On franklin and motivation
I’ve been reading some fascinating material lately. An insightful idea seems to jump out of every page. Here are some of the ideas that are on my mind right now.
I finished the biography of Ben Franklin by Walter Isaacson (more info here) a few weeks ago. Perhaps I mentioned that I was reading it in a prior post, my memory fails me at this exact moment. Anyway, his life blew me away. He was an excellent writer, inventor, scientist, politician, businessman, patriot, and celebrity. He was the man. No wonder he’s on the $100 bill. Though he had many detractors, mostly for appearing duplicitous at times, compromising so often (but he so beautifully combined individualism and collectivism), and lacking depth due to his practical moral code, the accomplishments of his life vastly outweigh the sleights. He wasn’t perfect, no one is, but if there’s one man that defined our country’s creation, it’s him. He was the only person to have a hand in the Declaration of Independence, the alliance with France, the peace treaty with Britain, and our Constitution (notice how I say ‘the’ Declaration of Independence, it was the first, it was humanity’s collective plea for freedom from a history of tyranny, that all men are created equal and have the inalienable right to pursue their own happiness). America had a distinct identity, despite being a part of Britain, that Franklin skillfully infused into our government, economic structure, and culture. After completing the book I felt more appreciation for being an American myself.
Some cool lesser known facts I learned include the origin of one of our military’s oldest slogans: “don’t tread on me”. Apparently, Franklin saw a drummer boy who had written it on his equipment with the symbol of the rattlesnake. Franklin was the first to suggest that the rattlesnake and “don’t tread on me” should be the symbol and motto of the American revolution. I bet he would never have guessed they’d still be in use today. A couple other admirable beliefs he stood by were:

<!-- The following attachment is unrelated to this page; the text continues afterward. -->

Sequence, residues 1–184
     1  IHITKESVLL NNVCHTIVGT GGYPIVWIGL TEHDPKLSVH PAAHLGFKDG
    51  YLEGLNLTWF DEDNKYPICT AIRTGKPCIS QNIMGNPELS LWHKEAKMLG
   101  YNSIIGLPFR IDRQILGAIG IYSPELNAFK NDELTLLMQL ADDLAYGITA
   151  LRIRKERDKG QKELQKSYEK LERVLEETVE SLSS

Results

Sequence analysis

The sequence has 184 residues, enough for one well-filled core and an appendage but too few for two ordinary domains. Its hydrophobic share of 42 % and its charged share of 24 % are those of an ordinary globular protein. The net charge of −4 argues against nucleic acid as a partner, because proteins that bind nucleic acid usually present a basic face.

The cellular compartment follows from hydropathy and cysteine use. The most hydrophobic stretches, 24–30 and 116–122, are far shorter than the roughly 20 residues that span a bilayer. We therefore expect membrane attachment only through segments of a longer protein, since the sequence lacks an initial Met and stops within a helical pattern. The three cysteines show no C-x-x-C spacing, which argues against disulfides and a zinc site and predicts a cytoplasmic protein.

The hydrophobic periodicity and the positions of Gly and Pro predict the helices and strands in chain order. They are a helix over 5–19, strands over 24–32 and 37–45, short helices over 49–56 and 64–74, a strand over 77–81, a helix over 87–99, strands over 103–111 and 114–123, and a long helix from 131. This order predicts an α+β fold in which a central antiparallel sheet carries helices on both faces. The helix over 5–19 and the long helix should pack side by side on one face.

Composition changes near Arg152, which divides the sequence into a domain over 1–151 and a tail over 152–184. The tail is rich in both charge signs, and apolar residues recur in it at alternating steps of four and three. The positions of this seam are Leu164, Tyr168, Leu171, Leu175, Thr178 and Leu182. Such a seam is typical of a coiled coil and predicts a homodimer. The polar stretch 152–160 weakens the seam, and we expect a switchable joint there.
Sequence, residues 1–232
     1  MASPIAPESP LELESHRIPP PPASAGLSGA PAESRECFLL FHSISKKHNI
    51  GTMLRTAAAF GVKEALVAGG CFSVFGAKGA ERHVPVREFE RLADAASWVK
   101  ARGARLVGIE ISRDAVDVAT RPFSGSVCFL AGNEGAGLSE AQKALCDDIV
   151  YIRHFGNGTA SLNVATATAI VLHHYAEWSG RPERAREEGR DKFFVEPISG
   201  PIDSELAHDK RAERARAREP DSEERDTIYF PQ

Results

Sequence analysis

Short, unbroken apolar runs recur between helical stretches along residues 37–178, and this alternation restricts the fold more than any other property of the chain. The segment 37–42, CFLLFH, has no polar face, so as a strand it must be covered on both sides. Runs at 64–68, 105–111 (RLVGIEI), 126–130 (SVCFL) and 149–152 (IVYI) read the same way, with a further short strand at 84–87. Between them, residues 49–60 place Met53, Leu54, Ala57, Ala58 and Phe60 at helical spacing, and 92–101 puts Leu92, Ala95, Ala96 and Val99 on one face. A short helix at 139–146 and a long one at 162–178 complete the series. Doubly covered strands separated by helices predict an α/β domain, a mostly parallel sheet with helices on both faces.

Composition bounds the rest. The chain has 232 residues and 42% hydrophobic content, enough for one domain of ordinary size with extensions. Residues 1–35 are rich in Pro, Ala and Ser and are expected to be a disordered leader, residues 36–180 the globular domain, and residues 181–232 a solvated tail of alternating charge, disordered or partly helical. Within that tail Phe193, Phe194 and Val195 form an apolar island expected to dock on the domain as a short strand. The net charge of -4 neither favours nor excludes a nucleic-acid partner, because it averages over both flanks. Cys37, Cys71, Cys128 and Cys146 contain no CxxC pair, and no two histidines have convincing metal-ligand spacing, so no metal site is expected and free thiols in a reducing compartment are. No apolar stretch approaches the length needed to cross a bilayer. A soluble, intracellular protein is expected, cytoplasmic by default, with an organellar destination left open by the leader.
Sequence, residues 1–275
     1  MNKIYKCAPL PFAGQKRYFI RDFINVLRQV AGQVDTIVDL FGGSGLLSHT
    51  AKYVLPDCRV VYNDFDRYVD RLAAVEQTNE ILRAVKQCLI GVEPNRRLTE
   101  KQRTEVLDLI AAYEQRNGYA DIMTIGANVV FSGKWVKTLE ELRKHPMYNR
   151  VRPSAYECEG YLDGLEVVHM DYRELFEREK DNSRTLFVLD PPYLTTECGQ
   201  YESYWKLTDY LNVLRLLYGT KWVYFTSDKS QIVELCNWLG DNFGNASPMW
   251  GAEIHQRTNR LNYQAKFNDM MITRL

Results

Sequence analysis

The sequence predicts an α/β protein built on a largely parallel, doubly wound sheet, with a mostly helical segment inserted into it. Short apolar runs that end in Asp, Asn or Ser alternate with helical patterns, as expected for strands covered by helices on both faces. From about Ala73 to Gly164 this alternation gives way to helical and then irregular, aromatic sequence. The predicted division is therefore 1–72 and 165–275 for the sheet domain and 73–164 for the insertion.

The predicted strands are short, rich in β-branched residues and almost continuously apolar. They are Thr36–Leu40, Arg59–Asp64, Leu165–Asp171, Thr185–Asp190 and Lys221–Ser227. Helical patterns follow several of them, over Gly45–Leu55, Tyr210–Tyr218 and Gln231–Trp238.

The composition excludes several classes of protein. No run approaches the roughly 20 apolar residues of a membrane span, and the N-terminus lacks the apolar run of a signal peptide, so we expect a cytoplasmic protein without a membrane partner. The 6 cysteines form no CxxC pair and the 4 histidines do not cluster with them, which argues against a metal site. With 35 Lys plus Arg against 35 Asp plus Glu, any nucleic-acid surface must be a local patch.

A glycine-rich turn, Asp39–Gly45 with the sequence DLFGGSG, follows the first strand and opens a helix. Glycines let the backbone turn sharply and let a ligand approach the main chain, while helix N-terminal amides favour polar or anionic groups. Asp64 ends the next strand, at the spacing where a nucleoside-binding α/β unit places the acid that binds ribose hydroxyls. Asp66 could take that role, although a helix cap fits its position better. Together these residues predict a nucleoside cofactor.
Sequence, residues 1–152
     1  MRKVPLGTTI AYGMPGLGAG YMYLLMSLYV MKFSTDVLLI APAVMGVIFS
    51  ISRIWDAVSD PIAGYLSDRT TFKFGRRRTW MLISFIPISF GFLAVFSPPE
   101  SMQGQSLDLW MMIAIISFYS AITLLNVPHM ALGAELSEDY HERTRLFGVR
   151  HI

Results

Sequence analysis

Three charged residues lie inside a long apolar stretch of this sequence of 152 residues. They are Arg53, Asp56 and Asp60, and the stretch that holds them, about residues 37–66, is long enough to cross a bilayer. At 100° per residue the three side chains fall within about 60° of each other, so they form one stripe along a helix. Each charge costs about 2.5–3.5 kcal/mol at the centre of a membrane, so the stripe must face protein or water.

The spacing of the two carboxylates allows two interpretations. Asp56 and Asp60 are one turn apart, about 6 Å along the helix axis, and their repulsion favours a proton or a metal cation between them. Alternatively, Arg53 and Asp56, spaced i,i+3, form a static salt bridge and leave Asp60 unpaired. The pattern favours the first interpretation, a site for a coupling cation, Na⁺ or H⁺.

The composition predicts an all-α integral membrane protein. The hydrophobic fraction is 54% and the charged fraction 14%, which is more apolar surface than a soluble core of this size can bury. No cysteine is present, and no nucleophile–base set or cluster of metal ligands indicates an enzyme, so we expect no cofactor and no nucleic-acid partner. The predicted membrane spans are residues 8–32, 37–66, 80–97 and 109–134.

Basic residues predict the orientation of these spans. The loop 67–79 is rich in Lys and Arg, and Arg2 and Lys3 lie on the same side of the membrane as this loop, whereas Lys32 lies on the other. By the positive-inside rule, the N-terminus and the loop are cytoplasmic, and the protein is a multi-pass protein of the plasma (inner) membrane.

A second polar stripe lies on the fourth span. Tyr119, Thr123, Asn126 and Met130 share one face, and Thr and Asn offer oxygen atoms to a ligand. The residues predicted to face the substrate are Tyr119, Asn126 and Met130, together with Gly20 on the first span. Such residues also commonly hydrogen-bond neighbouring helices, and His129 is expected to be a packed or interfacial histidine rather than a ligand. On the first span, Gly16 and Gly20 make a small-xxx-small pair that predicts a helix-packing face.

- Egalitarianism and economic mobility
- Keeping money out of politics
- “The strength of America was its proud free holders and tradesmen, who had the right to vote on public affairs and ample opportunity to feed and cloth their children,” (Isaacson)
- Win-win outcomes through compromise (Covey wouldn’t like how I’m using compromise here, but I’m sure he’d like how I’m tying this to Franklin, definitely a habit of an effective person!)
A passage about the Native Americans especially leaped out at me, even though it didn’t really have to do with Franklin. He did mention how the lives of Native Americans had “romantic appeal”. The narrator tells a story about how a tribe offered to take in white children, educate them in the Native American ways and “make men of them”. I love how the Native Americans thought that the way the settlers lived was so messed up. The settlers thought the same thing too, but only in terms of how different it was from their lives. The Native Americans legitimately believed the settlers had a disturbing lifestyle, particularly in how boys became men. They didn’t see the settlers as true men. It makes me wonder about masculinity in our culture. Is GQ really what being a man is all about?